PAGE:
It will also be doubling down on expanding its technology. Alongside its autonomous check-out system based on hardware and software, Trigo also provides inventory management and will soon be launching “StoreOS” to bring these together with other tools (analytics, marketing and more) to help physical retailers link up their brick-and-mortar stores better with their online operations, and — thanks to the popularity of e-commerce — what customers are generally expecting out of any shopping experience these days.
Singapore’s Temasek and 83North are co-leading this round, with new backer SAP and previous backers Hetz Ventures, Red Dot Capital Partners, Vertex Ventures, Viola, and REWE also participating.
Computer vision, machine learning and other innovations in artificial intelligence are being put to use in earnest in autonomous systems across a range of industries these days, and supermarkets have been one of the more interesting applications. Faced with an onslaught of offerings to buy groceries online and have them delivered to one’s home in ever-shorter turnaround times, retailers’ in-store experiences have largely remained in stasis.
In-store, however, also represents a large amount of inefficient overhead due to real estate and building costs, the rotation of products, theft and the cost of maintaining a staff to serve customers. The argument for bringing autonomous systems into the grocery store is not one of the technology for technology’s sake, but that it will help reduce costs and losses in all of these areas, while speeding up the experience for customers usually in a hurry to do something else.
Trigo’s self-check-out solution, called “EasyOut,” is based around a series of overhead cameras, shelf sensors and algorithms that work with “digital twins” of stores to operate cashier-free experiences.
Some believe that this is a costly approach, both in terms of initial installation and maintenance, arguing that other approaches, such as systems based on sensors that sit on shopping carts themselves, is the better approach.
“Smart counters and smart carts have their place, but full-store frictionless checkout based on AI-powered cameras and sensors — where the costs of the hardware are decreasing over time — is superior in both the experience it provides shoppers and for the efficiencies and tools it enables retailers,” CEO and co-founder Michael Gabay said in an email to TechCrunch. One of the issues is that carts don’t account for shoppers who are only buying a couple of hand-held items, he said. “Frictionless checkout makes shopping seamless for everyone, regardless of the size of their basket or how they plan to shop. If you have a full shopping cart you don’t want to wait at the cashier or scan all of those items at self checkout, you just want to walk out regardless of the size of your shop.”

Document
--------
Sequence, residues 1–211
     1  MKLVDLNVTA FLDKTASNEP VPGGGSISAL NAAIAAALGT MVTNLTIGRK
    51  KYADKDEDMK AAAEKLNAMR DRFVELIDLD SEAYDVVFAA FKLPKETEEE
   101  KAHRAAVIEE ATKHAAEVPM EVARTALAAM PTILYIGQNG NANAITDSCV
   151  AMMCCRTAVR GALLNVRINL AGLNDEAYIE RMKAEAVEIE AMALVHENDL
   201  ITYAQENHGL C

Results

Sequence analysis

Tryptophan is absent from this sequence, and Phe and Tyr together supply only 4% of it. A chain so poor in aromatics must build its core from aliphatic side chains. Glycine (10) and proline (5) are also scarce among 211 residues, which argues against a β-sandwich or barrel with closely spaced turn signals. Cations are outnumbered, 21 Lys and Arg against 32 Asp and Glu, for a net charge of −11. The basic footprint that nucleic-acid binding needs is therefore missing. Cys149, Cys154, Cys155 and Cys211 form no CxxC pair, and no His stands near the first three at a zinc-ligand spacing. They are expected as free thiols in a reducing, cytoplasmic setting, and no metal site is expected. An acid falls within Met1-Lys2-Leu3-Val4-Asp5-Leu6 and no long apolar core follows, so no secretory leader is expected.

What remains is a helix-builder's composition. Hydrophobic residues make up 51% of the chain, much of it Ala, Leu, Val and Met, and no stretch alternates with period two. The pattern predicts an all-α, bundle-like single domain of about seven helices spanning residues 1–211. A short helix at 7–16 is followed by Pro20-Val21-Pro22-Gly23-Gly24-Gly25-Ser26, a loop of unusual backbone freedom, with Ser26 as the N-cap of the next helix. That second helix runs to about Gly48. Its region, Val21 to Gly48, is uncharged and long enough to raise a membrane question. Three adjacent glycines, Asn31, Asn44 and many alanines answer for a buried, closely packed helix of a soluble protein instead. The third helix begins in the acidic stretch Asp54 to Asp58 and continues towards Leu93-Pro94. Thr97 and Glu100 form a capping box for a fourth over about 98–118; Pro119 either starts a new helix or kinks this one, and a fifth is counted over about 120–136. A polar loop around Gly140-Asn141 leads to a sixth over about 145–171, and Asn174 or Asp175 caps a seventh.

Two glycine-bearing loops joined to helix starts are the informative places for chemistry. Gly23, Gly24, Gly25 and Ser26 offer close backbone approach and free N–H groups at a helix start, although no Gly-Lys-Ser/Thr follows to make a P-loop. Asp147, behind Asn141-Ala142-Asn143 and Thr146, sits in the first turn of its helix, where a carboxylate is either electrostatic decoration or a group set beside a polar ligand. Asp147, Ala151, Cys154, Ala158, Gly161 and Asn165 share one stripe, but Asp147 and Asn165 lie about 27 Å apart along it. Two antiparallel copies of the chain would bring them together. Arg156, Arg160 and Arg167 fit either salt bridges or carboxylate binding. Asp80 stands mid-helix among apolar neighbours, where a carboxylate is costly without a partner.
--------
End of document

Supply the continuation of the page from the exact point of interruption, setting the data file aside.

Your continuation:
He also believes that the “digital twin” approach that Trigo uses, which mirrors the store in real time, is more accurate and can be repurposed for more than just check-out, such as predictive inventory management. “Smart carts and similar technologies don’t allow for the full digitization of the store, so they are limited solutions when compared with the full system,” he said.
Gabay claimed that even in the current market climate — the bigger issue with stores and its shoppers is inflation and people worried about prices of goods, not how long it takes to buy them — has not really dampened conversations with customers. “Especially in periods of high inflation, rising prices, and supply chain disruptions, the value of managing the inventory and procurement is huge,” he said. The company does not disclose how much it costs to, say, equip an average supermarket with its technology, but it says that typically they get return on the investment within 18 months. “Tech-enabled cost savings accumulate over time and boost grocery retailers’ margins,” he said.
One argument for Trigo is that its tech can be used for all shopping, no matter the cart size, its focus right now, Gabay said, are large format supermarkets. To date, it has opened stores of between 3,000 square feet and 5,000 square feet — “on-the-go” type stores, Gabay said — but “we are now working on larger formats, including more than 10,000 square feet stores.”
While the grocery sector will remain the company’s focus precisely because of its specific inefficiencies, the longer-term plan is to expand to other categories of retail such as pharmacies and quick-service restaurants. “But we see huge potential to retrofit thousands of existing grocery stores worldwide,” Gabay said. “This is accelerating also as grocers increasingly connect their e-commerce shops to their physical stores.”
This is precisely where SAP is coming into the picture. It’s described as a strategic backer in this round: it works with its own long list of retailer customers, and the plan is to help integrate Trigo into those systems.
“Trigo’s superior computer vision technology built the infrastructure for grab-and-go shopping and laid the foundation for additional in-store scenarios of the future,” said Joern Keller, EVP and head of SAP S/4HANA, said in a statement. “As a leading provider of enterprise software for the retail industry, SAP is delighted to join as a strategic investor to Trigo to support the development of the StoreOS autonomous supermarket operating system. Their solutions will complement SAP’s cloud solutions for retail, integrating seamlessly with SAP S/4HANA and pave the way towards building an intelligent store.”
Trigo raises $100M to expand its Amazon-style cashier-free store technology by Ingrid Lunden originally published on TechCrunch